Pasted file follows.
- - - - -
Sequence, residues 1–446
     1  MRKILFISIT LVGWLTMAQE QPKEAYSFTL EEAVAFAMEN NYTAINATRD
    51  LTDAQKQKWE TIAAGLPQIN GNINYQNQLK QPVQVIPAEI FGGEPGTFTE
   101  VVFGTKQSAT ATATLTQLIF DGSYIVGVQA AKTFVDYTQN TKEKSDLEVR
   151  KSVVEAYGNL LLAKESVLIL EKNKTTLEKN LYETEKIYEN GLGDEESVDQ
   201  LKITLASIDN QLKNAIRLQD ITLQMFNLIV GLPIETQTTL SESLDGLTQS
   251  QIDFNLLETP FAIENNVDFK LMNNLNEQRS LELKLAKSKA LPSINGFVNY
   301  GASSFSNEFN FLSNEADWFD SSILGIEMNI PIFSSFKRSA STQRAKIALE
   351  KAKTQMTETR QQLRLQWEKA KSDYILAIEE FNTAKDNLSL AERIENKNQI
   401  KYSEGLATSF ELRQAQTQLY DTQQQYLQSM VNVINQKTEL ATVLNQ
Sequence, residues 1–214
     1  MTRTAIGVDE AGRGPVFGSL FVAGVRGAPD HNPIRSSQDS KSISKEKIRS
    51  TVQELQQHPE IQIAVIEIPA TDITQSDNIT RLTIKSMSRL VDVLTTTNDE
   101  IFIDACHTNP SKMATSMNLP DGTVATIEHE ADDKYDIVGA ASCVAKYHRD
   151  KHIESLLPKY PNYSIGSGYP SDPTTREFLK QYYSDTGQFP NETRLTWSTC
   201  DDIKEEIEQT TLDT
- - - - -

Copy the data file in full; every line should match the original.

Sequence, residues 1–446
     1  MRKILFISIT LVGWLTMAQE QPKEAYSFTL EEAVAFAMEN NYTAINATRD
    51  LTDAQKQKWE TIAAGLPQIN GNINYQNQLK QPVQVIPAEI FGGEPGTFTE
   101  VVFGTKQSAT ATATLTQLIF DGSYIVGVQA AKTFVDYTQN TKEKSDLEVR
   151  KSVVEAYGNL LLAKESVLIL EKNKTTLEKN LYETEKIYEN GLGDEESVDQ
   201  LKITLASIDN QLKNAIRLQD ITLQMFNLIV GLPIETQTTL SESLDGLTQS
   251  QIDFNLLETP FAIENNVDFK LMNNLNEQRS LELKLAKSKA LPSINGFVNY
   301  GASSFSNEFN FLSNEADWFD SSILGIEMNI PIFSSFKRSA STQRAKIALE
   351  KAKTQMTETR QQLRLQWEKA KSDYILAIEE FNTAKDNLSL AERIENKNQI
   401  KYSEGLATSF ELRQAQTQLY DTQQQYLQSM VNVINQKTEL ATVLNQ
Sequence, residues 1–214
     1  MTRTAIGVDE AGRGPVFGSL FVAGVRGAPD HNPIRSSQDS KSISKEKIRS
    51  TVQELQQHPE IQIAVIEIPA TDITQSDNIT RLTIKSMSRL VDVLTTTNDE
   101  IFIDACHTNP SKMATSMNLP DGTVATIEHE ADDKYDIVGA ASCVAKYHRD
   151  KHIESLLPKY PNYSIGSGYP SDPTTREFLK QYYSDTGQFP NETRLTWSTC
   201  DDIKEEIEQT TLDT